Two different species of mouse lemurs (Microcebus lehilahytsara and M. murinus) were tested for their food preferences. Four different food items were presented in a two paired choice test to find the most adequate reward for upcoming behavioural tests.

    Download
  • Acoustic cues of caller identity and affect intensity in communication calls of tree shrews (Tupaia belangeri)

    Authors: Institute of Zoology, University of Veterinary Medicine Hannover / Lab course: Experimental Behavioural Biology

    Abstract
    Comparative studies on the vocalisation of humans and animals have shown that structural and temporal variations in communication sounds serve several functions, such as to reliably transmit the affective state and individuality of the sender. These variations within a call type are named acoustic cues and are ghoutght to be important factors in the communication process of social living animals. In the present study, we have examined attention calls of tree shrews (Tupaia belangeri) for acoustic cues conveying the affective state and/or individuality of the sender. Any general physiological activation of the nervous system in a tree shrew leads to defined changes in its behavioural patterns. When aroused, it raises its tail/ruffles its tail hair and sometimes utters attention calls (von Holst, 1977). Tree shrews utter these calls in their natural habitat, when they are confronted with new environmental stimuli (Emmons, 2000).

    Download
  • Personality in the behaviour of great apes - temporal stability, cross-situational consistency

    Authors: Jana Uher, Jens B. Asendorpf and Josep Call

    Abstract
    Using a multidisciplinary approach, the present study complements ethological behaviour measurements with basic theoretical concepts, methods and approaches of the personality psychological trait paradigm. Its adoptability and usefulness for animal studies is tested exemplarily on a sample of 20 zoo-housed great apes (five of each of the following species): bonobos, Pan paniscus; chimpanzees, Pan troglodytes verus; gorillas, Gorilla gorilla gorilla; and orang-utans, Pongo pygmaeus abelii. Data on 76 single trait-relevant behaviours were recorded in a series of 14 laboratory based situations and in two different group situations. Data collection was repeated completely after a break of two weeks within a 50-day period. All behaviour records were sufficiently reliable. Individual- and variable-oriented analyses showed high/substantial temporal stability on different levels of aggregation. Distinctive and stable individual situational and response profiles clarified the importance of situations and of multiple trait-relevant behaviours. The present study calls for a closer collaboration between personality psychologists and behavioural biologists to tap the full potential of animal personality research.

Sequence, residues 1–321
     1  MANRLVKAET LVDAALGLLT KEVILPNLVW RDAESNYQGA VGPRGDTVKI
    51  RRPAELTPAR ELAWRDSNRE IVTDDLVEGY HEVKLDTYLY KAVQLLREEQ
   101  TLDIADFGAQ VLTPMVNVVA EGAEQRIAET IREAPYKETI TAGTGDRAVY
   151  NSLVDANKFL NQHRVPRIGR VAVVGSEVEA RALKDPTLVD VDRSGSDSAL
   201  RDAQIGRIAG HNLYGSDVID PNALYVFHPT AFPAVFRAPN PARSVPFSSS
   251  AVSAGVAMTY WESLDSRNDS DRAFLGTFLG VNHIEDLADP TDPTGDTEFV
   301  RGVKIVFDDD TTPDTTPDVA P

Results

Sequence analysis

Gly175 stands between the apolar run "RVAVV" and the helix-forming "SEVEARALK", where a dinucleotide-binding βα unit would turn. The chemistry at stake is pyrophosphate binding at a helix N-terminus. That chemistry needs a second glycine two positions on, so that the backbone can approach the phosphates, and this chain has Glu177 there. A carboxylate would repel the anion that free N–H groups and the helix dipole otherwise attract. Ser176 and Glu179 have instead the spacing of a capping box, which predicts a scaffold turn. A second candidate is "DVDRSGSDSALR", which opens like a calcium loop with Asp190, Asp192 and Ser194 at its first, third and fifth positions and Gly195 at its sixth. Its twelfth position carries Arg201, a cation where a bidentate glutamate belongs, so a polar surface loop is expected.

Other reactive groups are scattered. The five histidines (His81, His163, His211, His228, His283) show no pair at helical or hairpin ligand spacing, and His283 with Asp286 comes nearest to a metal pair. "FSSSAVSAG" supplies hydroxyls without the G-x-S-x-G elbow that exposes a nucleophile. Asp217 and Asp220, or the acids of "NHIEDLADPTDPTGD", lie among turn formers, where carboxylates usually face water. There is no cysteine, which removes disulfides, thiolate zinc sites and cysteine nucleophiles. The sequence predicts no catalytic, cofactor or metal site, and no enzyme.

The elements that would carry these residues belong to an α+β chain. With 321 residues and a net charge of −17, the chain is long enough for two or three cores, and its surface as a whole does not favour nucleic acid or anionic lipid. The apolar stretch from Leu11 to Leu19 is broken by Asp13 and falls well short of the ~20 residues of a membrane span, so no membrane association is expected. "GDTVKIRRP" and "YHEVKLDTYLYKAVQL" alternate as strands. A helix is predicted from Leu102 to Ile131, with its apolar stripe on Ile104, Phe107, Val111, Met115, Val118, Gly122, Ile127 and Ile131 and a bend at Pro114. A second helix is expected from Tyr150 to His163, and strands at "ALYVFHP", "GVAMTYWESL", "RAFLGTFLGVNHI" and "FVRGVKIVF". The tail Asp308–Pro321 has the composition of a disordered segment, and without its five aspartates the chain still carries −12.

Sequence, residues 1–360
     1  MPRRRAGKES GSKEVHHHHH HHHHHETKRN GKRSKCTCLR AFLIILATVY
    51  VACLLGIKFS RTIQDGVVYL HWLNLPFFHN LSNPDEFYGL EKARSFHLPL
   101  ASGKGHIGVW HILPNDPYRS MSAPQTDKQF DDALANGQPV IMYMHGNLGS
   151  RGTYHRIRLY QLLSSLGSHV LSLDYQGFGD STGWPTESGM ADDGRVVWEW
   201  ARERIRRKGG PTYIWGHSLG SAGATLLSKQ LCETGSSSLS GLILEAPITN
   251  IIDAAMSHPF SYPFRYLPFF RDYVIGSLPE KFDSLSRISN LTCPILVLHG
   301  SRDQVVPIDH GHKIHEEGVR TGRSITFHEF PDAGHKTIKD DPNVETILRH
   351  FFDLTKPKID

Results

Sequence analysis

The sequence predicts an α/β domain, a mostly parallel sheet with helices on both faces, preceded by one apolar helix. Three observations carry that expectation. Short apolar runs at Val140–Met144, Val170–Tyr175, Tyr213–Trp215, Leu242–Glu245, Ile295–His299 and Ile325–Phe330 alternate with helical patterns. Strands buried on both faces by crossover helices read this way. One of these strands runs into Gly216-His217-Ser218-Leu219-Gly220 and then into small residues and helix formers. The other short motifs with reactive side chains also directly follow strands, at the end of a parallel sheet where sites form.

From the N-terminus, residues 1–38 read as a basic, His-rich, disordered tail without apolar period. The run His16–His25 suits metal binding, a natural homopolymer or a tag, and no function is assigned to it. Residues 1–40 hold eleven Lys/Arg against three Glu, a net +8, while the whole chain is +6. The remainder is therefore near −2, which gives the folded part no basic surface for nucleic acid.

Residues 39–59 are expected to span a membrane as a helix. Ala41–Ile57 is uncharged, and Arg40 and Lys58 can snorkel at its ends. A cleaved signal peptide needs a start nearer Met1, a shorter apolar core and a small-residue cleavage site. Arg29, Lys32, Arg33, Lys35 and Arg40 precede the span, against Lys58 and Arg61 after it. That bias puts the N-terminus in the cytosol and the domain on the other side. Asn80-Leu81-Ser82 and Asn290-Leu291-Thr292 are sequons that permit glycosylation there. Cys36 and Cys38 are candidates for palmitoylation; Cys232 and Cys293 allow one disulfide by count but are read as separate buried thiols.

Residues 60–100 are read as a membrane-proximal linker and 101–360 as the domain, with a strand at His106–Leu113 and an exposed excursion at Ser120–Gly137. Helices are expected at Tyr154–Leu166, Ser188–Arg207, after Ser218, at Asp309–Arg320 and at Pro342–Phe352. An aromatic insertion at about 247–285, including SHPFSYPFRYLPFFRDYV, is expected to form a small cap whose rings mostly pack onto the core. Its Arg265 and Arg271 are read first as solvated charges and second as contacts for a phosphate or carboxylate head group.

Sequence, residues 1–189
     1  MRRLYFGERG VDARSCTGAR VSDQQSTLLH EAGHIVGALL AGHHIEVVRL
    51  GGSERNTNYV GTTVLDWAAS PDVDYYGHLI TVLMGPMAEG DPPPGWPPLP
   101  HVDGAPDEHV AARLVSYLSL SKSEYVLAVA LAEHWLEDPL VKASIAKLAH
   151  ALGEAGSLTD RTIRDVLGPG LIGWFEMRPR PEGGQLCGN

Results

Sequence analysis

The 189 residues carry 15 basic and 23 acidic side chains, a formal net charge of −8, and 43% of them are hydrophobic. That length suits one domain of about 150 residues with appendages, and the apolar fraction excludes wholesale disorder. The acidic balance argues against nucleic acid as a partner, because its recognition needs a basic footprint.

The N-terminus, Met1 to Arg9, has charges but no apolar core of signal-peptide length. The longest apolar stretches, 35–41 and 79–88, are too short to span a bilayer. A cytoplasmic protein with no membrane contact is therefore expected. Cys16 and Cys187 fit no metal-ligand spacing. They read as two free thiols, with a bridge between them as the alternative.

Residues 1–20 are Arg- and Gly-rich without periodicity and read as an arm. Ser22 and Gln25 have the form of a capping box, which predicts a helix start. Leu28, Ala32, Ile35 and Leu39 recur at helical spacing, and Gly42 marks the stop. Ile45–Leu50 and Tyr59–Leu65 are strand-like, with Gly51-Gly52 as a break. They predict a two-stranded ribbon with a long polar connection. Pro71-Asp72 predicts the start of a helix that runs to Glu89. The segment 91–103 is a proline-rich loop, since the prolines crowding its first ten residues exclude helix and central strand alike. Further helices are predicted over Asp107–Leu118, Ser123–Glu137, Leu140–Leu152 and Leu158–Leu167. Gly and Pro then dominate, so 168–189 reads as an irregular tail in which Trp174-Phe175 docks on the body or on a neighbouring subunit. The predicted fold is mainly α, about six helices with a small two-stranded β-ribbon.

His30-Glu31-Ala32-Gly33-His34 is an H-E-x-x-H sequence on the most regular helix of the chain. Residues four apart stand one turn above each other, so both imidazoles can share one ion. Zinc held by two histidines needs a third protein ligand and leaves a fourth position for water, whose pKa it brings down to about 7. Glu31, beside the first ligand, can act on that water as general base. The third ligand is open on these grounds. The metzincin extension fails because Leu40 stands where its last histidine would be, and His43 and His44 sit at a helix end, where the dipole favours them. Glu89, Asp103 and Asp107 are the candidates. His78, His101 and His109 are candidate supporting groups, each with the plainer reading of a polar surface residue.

Download
  • Personality assessment in the Great Apes: Comparing ecologically valid behavior measures, behavior ratings, and adjective ratings

    Authors: Jana Uher and Jens B. Asendorpf

    Abstract
    Three methods of personality assessment (behavior measures, behavior ratings, adjective ratings) were compared in 20 zoo-housed Great Apes: bonobos (Pan paniscus), chimpanzees (Pan troglodytes verus), gorillas (Gorilla gorilla gorilla), and orangutans (Pongo pygmaeus abelii). To test a new bottom-up approach, the studied trait constructs were systematically generated from the species’ behavioral repertoires. The assessments were reliable, temporally stable, and showed substantial cross-method coherence. In most traits, behavior ratings mediated the relations between adjective ratings and behavior measures. Results suggest that high predictability of manifest behavior is best achieved by behavior ratings, not by adjectives. Empirical evidence for trait constructs beyond current personality models points to the necessity of broad and systematic approaches for valid inferences on a species’ personality structure.

    Download
  • Cooperative Activities in Young Children and Chimpanzees

    Authors: Felix Warneken, Frances Chen and Michael Tomasello

    Abstract
    Human children 18 – 24 months of age and 3 young chimpanzees interacted in 4 cooperative activities with a human adult partner. The human children successfully participated in cooperative problem-solving activities and social games, whereas the chimpanzees were uninterested in the social games. As an experimental manipulation, in each task the adult partner stopped participating at a specific point during the activity. All children produced at least one communicative attempt to reengage him, perhaps suggesting that they were trying to reinstate a shared goal. No chimpanzee ever made any communicative attempt to reengage the partner. These results are interpreted as evidence for a uniquely human form of cooperative activity involving shared intentionality that emerges in the second year of life.

    Download
  • Computer Supported Measurement of Distance Moved by Rabbits a day by Mangold Video Motion Tracker

    Authors: Steffen Hoy, Justus Liebig University of Gießen

    Abstract
    Because of several reasons it was necessary to develop and to test a new software solution to analyze the distance moved by farm animals in the field.

    Download